Thursday, August 30, 2007


Standing in line outside of the Japanese Embassy in Manila last week, I tried to avert my eyes away from the skinny, slightly-dirty, probably middle-aged Filipino man trying to sell me a bottle of water, or a Coke, or an iced tea, but it was hard to do, because he was persistent, and constant. (I'm not proud to say that 'I tried to avert my eyes', but it's the truth. If you smile and shake your head, you feel kind of stupid, because he knows that you have more money than he does, and your not buying a drink is a not-so-subtle way of denying him some much-needed coin, so the smile comes across as possibly patronizing and definitely hypocritical, because what foreigner can't afford a bottle of water? But looking away doesn't help much either, because he constantly walked to and fro past the front of the embassy, so it wasn't like I could avoid the dude. Either way, as a foreigner, in a poor place, you feel kind of stupid.)

I then suddenly realized that I recognized the guy. From last year. From this same place, at this same spot, in front of the Japanese Embassy on Roxas Boulevard. While I had been to Japan and back again (and Japan and back again) in the ensuing year, he had been there, in that place, walking to and fro. Trying to sell water. Some Coke. Possibly an Iced tea. Probably ten, twelve hours a day.

Going back and forth from place to place these past few years, I find myself remembering, more and more, the people who work at the places I frequent. The privilege of jetting between countries has made me realize that most people stay rooted in place. So my return to Toronto inevitably finds me, at some point, walking into the Indigo book superstore at Yonge and Bay, and, over a span of three, four, five years, I've grown to recognize some of the staff. The pudgy man in his mid-forties with the shock of white hair quietly shelving books and asking if I need any help. The balding cashier with the dark goatee -- possibly a manager by now? -- in his early thirties who often looks like he would rather be anywhere but there, in that exact place, at the front of the store, serving up customer after customer, tallying up books, placing books in bags, checking the computer for the location of the latest Grisham.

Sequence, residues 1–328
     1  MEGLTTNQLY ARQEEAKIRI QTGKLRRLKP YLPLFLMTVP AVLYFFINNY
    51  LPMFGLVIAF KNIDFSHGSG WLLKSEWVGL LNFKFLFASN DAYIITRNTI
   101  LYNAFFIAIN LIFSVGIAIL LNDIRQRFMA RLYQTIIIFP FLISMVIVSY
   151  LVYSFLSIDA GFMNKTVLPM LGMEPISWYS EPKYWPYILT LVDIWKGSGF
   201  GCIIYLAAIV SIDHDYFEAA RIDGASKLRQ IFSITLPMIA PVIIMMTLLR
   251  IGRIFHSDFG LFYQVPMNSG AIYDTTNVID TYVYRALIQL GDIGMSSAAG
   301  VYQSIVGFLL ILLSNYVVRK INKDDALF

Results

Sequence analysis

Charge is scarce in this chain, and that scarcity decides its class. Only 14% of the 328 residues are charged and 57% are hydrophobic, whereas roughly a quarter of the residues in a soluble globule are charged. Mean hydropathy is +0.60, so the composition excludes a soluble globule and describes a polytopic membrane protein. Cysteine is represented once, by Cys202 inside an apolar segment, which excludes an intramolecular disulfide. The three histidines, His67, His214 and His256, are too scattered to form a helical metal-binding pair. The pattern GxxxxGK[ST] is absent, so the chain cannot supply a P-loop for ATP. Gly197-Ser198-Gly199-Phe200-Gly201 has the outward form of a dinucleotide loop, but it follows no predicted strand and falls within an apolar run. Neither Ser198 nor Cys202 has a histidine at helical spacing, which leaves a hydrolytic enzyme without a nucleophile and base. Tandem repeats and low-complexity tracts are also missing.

They are fixtures, these people are. I go away and they are still there.

Sometimes I wonder: "Are they happy? Is this where they want to be? Do they dream golden beaches and crimson suns, of turquoise water and hammocks swaying them gently to sleep in the late-afternoon breeze?"

Maybe yes. Maybe no. Maybe they are exactly where they want to be. Maybe that's why they've stayed.

And then there's the chubby little man in his early sixties who runs the snack counter at the Yonge and Bloor subway. (Whether it's in the North/South/East/West direction, I can't remember.) He's been there since I first headed out to the big bad city of Toronto to attend York University in the fall of 1994, best as I can recall. Always looking tired, and stressed, and bored, and somewhat bloated. Dark, dense rings under his eyes, like soot-stained fingerprints poked in dough. Probably an immigrant. (Not such a tough call, given that Toronto is now composed of fifty percent immigrants.) Sitting there, day after day after day, selling gum, candy, magazines. Watching the commuters be so busy while he stays so still.

And then there's Japan, where I lived for four years in the past and have returned (in two month intervals) twice in the past year, and I've been somewhat startled to see some of the same familiar faces wandering around the train station where I used to teach. I was gone for four years, and there they are, still there, Americans or Canadians, whose names I never learned but whose faces I never realized I hadn't forgotten.

Of course, I've also been on the other side, so to speak. Coming back to Baguio after a few months away, clerks at the Internet cafes remember my name. Korean students who I taught last winter have returned for the summer session and are somewhat surprised to see that I'm still here. I formed a little piece of their mental picture of the Philippines, and to see me again, to be taught by me again, provides a little piece of stability in an otherwise ever-changing world.

We like to form little mental-slots in our minds, ways of understanding different places and different times in our lives, markers of the journey, and we like to fill those slots with the people we met along the way. Seeing them there, in their place, allows us to believe that what is in flux might possibly stay stable. If only for a moment, at least, for the time it takes to buy a magazine before hopping on the subway.

I have gone but they are still here, and
when I come back again, someday soon, or five or ten years from now, perhaps I will see them again. And the world will thus make sense.

That's what I think, anyways.

But the man in front of the Japanese Embassy, the one trying to sell me some water, is most likely thinking of the sun, and its heat, and his feet, and their weariness, and his children, and their hunger.

For that moment, he needs to be nowhere but where he is.